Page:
Chinese people are eating more, thanks to their deeper pockets, making them slightly taller but also a lot fatter, according to a National Health and Family Planning Commission report released on June 30.
In the decade since 2002, when China first released a national report on citizens’ nutrition and health, the proportion of overweight adults has increased by 32 percent and obese adults by 67 percent.
The statistics for children of 6 to 17 years old are even more alarming, with the number of overweight kids doubling and obese children tripling.
At a news conference about the new report, Zhao Wenhua, deputy director of the Nutrition and Health Institution of the Chinese Center for Disease Control and Prevention, said the increase during the time was larger than that in the industrial world in general. But the rates in China are still lower than in Western countries like the US, she said.
Notably, the increase in Chinese people’s height does not appear to be matching their added girth.
In 2012, the average height for men was 167.1 cm and for women 155.8 cm, a slight 10-year increase. But that makes them slightly shorter than their neighbors in Japan and South Korea, said Liang Xiaofeng, deputy director of the Chinese CDC.
That claim triggered immediate skepticism online, with many netizens denouncing the reported average heights as underestimates.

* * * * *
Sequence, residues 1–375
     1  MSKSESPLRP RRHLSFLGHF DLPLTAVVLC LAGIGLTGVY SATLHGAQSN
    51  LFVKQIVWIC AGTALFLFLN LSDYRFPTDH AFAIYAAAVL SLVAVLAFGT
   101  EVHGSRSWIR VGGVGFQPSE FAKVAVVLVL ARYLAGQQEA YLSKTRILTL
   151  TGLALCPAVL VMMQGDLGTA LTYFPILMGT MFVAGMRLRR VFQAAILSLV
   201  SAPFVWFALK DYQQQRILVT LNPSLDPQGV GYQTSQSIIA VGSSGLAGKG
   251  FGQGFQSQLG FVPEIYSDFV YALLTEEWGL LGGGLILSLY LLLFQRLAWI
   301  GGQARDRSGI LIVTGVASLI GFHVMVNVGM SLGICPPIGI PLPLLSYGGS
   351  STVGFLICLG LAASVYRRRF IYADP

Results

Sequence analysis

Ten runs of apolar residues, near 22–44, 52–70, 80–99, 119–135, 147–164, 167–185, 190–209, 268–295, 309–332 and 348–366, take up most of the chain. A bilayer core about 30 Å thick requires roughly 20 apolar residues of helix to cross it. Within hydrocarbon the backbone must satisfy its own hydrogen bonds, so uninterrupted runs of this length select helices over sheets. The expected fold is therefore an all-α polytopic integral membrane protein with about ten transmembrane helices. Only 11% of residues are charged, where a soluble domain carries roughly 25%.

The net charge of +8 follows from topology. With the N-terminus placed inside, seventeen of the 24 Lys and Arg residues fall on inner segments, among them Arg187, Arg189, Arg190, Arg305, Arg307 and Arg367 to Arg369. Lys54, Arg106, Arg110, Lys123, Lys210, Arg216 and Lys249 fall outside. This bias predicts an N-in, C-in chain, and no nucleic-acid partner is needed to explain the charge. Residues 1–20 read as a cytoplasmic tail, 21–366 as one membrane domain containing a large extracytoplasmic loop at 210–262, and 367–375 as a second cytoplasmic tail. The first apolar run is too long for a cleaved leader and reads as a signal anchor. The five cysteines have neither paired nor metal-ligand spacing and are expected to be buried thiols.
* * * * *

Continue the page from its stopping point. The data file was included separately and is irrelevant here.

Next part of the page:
Zhao responded that the data were compiled from a sampling of nearly 200,000 Chinese, and that various key factors such as age groups and regional differences had to be considered.
She also suggested that children eat more good protein to help them grow taller.
In general, the daily calorie consumption of Chinese people has remained stable from 2002 to 2012 at 2,172, which nutritionists say is appropriate, given their physical condition and lifestyle.
But consumption of cooking oil and animal food, mostly fatty pork, has risen substantially in the past 10 years, the report said.
Fat consumed accounted for nearly 33 percent of overall intake, far higher than the recommended 25 percent, it said.
People are encouraged to eat more good protein food like soybeans and dairy products, and they should cut down on cooking oil and salt, it said.
Chinese people have long consumed too much oil and salt due to frequent stir-frying, Zhao said.
“A good tradition of Chinese cuisine highlighting a vegetable-meat balance should be well-preserved for the sake of health,” she said.
Wang Guoqiang, vice-minister of the National Health and Family Planning Commission, advised the public to become more aware of nutrition and health, saying, “Your health is mainly up to you.”
Rising health challenges like hypertension and diabetes are lifestyle associated, he said.